Jewish World Review March 8, 2002 / 24 Adar, 5762

Lori Borgman

Lori Borgman
JWR's Pundits
World Editorial
Cartoon Showcase

Mallard Fillmore

Michael Barone
Mona Charen
Linda Chavez
Ann Coulter
Greg Crosby
Larry Elder
Don Feder
Suzanne Fields
James Glassman
Paul Greenberg
Bob Greene
Betsy Hart
Nat Hentoff
David Horowitz
Arianna Huffington
Jeff Jacoby
Marianne Jennings
Michael Kelly
Mort Kondracke
Ch. Krauthammer
Lawrence Kudlow
Dr. Laura
John Leo
David Limbaugh
Michelle Malkin
Chris Matthews
Michael Medved
Kathleen Parker
Wes Pruden
Sam Schulman
Amity Shlaes
Roger Simon
Tony Snow
Thomas Sowell
Cal Thomas
Jonathan S. Tobin
Ben Wattenberg
George Will
Bruce Williams
Walter Williams
Mort Zuckerman

Consumer Reports

When Enron Momma gets mad -- IT'S a sad day when your own mother hangs you out to dry. Or is it?

One of the best quotes to come out of the Enron debacle belongs to the mother of CEO Jeff Skilling. This savvy businessman has claimed complete ignorance as to the company's crooked bookkeeping practices. His mother, Betty said, "When you are the CEO and you are on the board of directors, you are supposed to know what's going on with the rest of the company. You can't get off the hook with me there."

Ouch. Betty's mad. Maybe she's mad because she lost a lot of money. Or maybe she's mad because her grown son blew it and now the big lug is trying to weasel away.

Consider the things Betty could have said. She could have walked to the microphone, dabbed a tear and said, "Although Jeffie seems self-assured and successful on the outside, he suffers from low self-esteem that prohibits him from asking pertinent questions." She could have said her son made poor decisions because he had been emotionally fragile. Don't laugh. It worked for the corrupt Olympic skating judge from France.

Or, in keeping with contemporary trends, Betty could have blamed herself for her son's mess. Martyr mode, phase one: She could have pointed a finger at traumatic potty training or the fact that he was a late reader/later crawler/later talker (choose one). She could have, but she didn't. Betty basically said her son made his bed and now he's going to lie in it.

I like Betty. I wish we had more mothers like her. The world would be a lot better off if more mothers were willing to take their sons (of all ages) to the woodsheds instead of coddling them, pampering them and protecting them from the consequences of their actions.

Compare Skilling's mother to Osama bin Laden's mother. Alya Ghanem has been quoted as saying, "I do not approve of his ambitions and the actions attributed to him, but I am not angry with him."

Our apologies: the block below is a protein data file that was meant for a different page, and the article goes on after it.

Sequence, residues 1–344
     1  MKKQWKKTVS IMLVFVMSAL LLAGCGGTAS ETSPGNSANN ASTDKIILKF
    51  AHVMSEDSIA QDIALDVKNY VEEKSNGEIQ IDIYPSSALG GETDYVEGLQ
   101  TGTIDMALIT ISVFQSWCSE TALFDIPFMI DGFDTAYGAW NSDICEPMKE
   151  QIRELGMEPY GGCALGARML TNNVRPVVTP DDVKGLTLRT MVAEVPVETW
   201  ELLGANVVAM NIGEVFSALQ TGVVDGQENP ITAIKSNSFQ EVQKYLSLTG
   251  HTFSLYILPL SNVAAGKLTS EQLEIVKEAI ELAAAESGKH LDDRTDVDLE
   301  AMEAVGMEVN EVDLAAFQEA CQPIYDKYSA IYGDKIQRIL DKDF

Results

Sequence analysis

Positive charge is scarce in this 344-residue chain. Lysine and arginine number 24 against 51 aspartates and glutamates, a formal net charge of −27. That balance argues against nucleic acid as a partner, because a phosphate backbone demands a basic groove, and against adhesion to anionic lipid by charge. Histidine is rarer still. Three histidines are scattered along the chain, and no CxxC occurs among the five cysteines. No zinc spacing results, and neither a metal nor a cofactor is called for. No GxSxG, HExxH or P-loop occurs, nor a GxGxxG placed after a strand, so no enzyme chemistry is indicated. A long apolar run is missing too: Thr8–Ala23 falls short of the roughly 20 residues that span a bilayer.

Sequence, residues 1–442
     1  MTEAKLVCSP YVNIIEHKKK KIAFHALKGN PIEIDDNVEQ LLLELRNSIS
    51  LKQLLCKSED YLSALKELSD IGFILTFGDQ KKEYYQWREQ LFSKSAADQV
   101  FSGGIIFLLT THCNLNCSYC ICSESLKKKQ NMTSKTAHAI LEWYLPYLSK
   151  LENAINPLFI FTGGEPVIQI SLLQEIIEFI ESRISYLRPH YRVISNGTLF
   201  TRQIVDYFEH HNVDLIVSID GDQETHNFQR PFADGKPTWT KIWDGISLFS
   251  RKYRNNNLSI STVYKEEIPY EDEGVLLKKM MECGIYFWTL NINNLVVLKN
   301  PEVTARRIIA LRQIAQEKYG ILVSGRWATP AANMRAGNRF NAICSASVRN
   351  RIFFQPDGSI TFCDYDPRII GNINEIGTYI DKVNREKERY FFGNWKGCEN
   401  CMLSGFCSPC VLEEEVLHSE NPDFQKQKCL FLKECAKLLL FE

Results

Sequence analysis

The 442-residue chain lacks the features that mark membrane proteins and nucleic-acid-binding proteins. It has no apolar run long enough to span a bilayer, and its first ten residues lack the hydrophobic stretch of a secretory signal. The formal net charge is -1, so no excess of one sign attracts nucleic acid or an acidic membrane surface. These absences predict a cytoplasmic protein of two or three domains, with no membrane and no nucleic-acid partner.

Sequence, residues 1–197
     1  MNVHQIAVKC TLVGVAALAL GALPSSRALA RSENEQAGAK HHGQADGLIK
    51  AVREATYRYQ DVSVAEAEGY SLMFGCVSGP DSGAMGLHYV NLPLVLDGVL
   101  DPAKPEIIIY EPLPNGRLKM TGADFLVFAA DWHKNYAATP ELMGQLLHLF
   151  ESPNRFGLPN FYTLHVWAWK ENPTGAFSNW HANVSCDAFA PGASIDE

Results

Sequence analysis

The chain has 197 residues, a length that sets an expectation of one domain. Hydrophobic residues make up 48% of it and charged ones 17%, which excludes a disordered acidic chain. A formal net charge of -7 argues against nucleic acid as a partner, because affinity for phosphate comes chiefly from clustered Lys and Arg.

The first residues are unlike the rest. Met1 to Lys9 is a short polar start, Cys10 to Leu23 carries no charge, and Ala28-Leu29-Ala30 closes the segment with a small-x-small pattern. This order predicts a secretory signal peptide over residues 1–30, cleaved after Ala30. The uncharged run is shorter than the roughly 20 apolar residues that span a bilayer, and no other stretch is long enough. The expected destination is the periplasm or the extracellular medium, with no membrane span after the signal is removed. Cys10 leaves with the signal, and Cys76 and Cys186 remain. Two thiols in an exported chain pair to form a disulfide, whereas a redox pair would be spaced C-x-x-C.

Her son blows up two World Trade Center towers, blasts a wing of the Pentagon, annihilates four jetliners, murders thousands of innocent people and the woman's not angry? Fine. Then how about enraged? Incensed? Furious, maybe? Keeping your cool and refusing to blast with both barrels when your offspring falls completely off track isn't compassionate, it's crazy.

Osama's mother reminds me of a story Norman Mailer was fond of telling about his mother. "If I took a Tommy gun and shot up hundreds of people in a shopping mall, she would say, 'They must have said something truly awful to him.'" Mailer was being facetious, but today a lot of mothers embrace that attitude in earnest.

I have a son. I would throw myself between him and a speeding semi any day of the week, but he knows that if he blows it the first person in his face will be his mom. How does he know? From experience. The kid will tell you that when he messes up, his mom is all over him like drool on a baby.

There have been too many mothers making too many excuses for too many sons for too long. Betty Skilling may be the 10-second antidote to the modern malaise of parenting. She is a true gem, a dazzling rarity who refuses to make excuses for her son. She loves him enough to hold him accountable and cares enough to help hold his feet to the fire. Most of all, she has the backbone to treat her son like a man instead of a mouse.

JWR contributor Lori Borgman is the author of I Was a Better Mother Before I Had Kids. To comment, please click here.

03/01/02: Little hope for bookaholic
02/22/02: Wrestling with prejudice
02/15/02: Say What?
02/08/02: Kitchen intelligence
02/01/02: Age-old words
01/25/02: Abortion: Switching Sides
01/18/02: Kids, take note
01/11/02: The heart-stopper e-mail
01/04/02: The slightly sunny side of 2001
12/28/01: The Way Things Work
11/30/01: The Leftover Shuffle begins
11/27/01: Glasses bring age into focus
11/16/01: A different portion of Thanks
11/09/01: The Next Stage of Parenting
11/01/01: Of boys and patriotism
10/26/01: College Son the Invisible Man
10/19/01: Out of the closet ... and into the school
10/12/01: A Parent's Guide to Dating
10/05/01: "Taking Care of You"
09/28/01: Time indivisible
09/24/01: Refueling capitalism
09/14/01: A time to mourn
09/07/01: Lack of modesty stirs the troops
08/31/01: Scholarship search an education
08/24/01: The test for parents
08/17/01: Immodest proposals
08/10/01: Trying to R-r-r-re-re-relax
08/03/01: It may be shabby and chic, but it ain't cheap
07/20/01: Bride showered with sage advice
07/13/01: Baby Bear Finds Driving "Just Right"
07/06/01: Pale at the Thought of Bronze
06/29/01: A Dog's Best Friend
06/22/01: Rethinking fatherhood
06/14/01 Don't forget to lock the door
06/07/01 How grandma punishes her kids
06/01/01 Hearing voices
05/25/01 Cyborgs for Better or Worse
05/18/01 The death of Common Sense

© 2001, Lori Borgman